Putting functional proteins in their place

Putting functional proteins in their place
An illustration showing the approach for assembling biologically functional proteins into ordered 2-D and 3-D arrays through programmable octahedral-shaped DNA frameworks. These frameworks can host and control the placement of the proteins internally—for example, at the center (1) or off-center (2)—and be encoded with specific sequences externally (color coding scheme) to create desired 2-D and 3-D lattices. For example, red only connects to red, blue to blue, and so on. The team demonstrated the preserved biological activity of ferritin lattices by adding a compound (ascorbate) that induced the release of iron irons forming the ferritin core. Credit: Brookhaven National Laboratory

Scientists have organized proteins—nature's most versatile building blocks—in desired 2D and 3D ordered arrays while maintaining their structural stability and biological activity. They built these designer functional protein arrays by using DNA as a programmable construction material. The team—representing the U.S. Department of Energy's (DOE) Brookhaven National Laboratory, Columbia University, DOE's Lawrence Berkeley National Laboratory, and City University of New York (CUNY)—described their approach in the June 17 issue of Nature Communications.

"For decades, scientists have dreamed about rationally assembling proteins into specific organizations with preserved ," said corresponding author Oleg Gang, leader of the Center for Functional Nanomaterials (CFN) Soft and Bio Nanomaterials Group at Brookhaven Lab and a professor of chemical engineering and of applied physics and at Columbia Engineering. "Our DNA-based platform has enormous potential not only for structural biology but also for various bioengineering, biomedical, and bionanomaterial applications."

The primary motivation of this work was to establish a rational way to organize proteins into designed 2D and 3D architectures while preserving their function. The importance of organizing proteins is well known in the field of protein crystallography. For this technique, proteins are taken from their native solution-based environments and condensed to form an orderly arrangement of atoms (crystalline structure), which can then be structurally characterized. However, because of their flexibility and aggregation properties, many proteins are difficult to crystallize, requiring trial and error. The structure and function of proteins may change during the crystallization process, and they may become nonfunctional when crystallized by traditional methods. This new approach opens many possibilities for creating engineered biomaterials, beyond the goals of structural biology.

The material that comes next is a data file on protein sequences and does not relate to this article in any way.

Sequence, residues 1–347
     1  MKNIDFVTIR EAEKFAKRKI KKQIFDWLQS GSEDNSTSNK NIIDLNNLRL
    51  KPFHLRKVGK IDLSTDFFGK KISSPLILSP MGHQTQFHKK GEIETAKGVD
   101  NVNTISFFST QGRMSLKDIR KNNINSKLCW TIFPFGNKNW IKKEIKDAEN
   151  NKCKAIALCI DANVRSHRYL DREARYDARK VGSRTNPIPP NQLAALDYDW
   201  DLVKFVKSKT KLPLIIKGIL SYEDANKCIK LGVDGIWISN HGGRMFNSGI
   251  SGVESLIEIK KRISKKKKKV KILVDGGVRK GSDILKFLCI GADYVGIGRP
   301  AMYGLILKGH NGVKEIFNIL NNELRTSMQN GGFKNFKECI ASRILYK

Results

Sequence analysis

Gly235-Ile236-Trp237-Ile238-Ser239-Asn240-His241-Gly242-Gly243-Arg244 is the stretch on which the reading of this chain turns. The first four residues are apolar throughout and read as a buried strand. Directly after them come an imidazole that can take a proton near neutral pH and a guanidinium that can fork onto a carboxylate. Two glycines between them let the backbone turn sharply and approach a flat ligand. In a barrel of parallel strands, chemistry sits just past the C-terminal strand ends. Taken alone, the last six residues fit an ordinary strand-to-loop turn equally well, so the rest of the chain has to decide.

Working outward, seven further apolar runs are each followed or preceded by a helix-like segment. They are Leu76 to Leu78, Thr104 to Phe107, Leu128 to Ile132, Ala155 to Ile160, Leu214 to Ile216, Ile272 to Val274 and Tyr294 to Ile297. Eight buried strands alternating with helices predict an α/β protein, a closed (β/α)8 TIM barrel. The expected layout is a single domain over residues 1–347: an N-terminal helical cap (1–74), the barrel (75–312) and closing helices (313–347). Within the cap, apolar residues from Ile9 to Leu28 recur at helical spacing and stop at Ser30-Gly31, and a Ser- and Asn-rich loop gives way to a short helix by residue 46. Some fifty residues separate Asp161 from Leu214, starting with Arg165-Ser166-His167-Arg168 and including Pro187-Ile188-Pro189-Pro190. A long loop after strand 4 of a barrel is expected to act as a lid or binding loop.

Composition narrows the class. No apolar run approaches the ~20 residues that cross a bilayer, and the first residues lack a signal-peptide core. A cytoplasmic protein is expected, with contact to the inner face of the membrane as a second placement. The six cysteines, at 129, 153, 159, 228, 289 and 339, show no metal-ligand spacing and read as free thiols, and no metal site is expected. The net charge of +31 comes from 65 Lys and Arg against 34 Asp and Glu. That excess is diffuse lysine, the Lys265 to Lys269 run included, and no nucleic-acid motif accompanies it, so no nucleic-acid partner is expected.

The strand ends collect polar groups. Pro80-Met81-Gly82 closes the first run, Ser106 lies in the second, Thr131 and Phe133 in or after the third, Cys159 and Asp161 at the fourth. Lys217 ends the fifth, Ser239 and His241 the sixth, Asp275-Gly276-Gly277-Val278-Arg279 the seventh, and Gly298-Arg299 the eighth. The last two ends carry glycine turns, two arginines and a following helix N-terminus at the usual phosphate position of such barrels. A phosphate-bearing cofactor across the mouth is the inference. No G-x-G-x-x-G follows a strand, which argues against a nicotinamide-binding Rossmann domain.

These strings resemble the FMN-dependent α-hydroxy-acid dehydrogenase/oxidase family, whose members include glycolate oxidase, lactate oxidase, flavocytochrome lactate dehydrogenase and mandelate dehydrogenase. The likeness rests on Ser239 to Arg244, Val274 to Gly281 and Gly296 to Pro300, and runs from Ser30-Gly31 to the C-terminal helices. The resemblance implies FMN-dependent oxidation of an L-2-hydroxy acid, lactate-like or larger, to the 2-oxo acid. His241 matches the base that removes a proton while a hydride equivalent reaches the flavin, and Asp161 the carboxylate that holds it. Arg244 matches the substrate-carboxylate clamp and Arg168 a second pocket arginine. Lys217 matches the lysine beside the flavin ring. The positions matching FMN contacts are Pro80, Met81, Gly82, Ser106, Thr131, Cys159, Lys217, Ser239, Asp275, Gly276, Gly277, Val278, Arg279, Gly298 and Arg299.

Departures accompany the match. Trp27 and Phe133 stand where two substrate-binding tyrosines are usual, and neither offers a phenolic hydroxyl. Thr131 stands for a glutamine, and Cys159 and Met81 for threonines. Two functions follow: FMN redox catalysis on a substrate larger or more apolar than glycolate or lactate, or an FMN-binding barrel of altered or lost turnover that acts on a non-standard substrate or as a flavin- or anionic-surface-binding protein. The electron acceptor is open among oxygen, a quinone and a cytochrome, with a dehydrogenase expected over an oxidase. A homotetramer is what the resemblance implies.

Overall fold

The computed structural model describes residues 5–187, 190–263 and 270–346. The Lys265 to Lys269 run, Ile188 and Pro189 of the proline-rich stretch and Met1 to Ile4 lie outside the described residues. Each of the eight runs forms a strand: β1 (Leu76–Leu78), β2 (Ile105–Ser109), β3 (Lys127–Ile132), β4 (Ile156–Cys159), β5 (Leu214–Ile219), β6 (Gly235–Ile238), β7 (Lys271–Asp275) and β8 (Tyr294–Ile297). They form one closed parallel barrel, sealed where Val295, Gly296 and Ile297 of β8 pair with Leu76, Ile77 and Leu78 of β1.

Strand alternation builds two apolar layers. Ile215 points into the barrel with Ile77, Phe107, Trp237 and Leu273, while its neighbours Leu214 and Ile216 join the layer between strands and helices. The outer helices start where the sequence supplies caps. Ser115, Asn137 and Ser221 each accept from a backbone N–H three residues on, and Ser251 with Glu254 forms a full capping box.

"The ability to make biologically active protein lattices is relevant to many applications, including tissue engineering, multi-enzyme systems for biochemical reactions, large-scale profiling of proteins for precision medicine, and synthetic biology," added first author Shih-Ting (Christine) Wang, a postdoc in the CFN Soft and Bio Nanomaterials Group.

Though DNA is best known for its role in storing our genetic information, the very same base-pairing processes used for this storage can be leveraged to construct desired nanostructures. A single strand of DNA is made of subunits, or nucleotides, of which there are four kinds (known by the letters A, C, T, and G). Each nucleotide has a complementary nucleotide it attracts and binds to (A with T and C with G) when two DNA strands are near each other. Using this concept in the technique of DNA origami, scientists mix multiple short strands of synthetic DNA with a single long strand of DNA. The short strands bind to and "fold" the long strand into a particular shape based on the sequence of bases, which scientists can specify.

In this case, the scientists created octahedral-shaped DNA origami. Inside these cage-like frameworks, they placed DNA strands with a particular "color," or coding sequence, at targeted locations (center and off center). To the surface of proteins—specifically, ferritin, which stores and releases iron, and apoferritin, its iron-free counterpart—they attached complementary DNA strands. By mixing the DNA cages and conjugated proteins and heating up the mixture to promote the reaction, the proteins went to the internal designated locations. They also created empty cages, without any protein inside.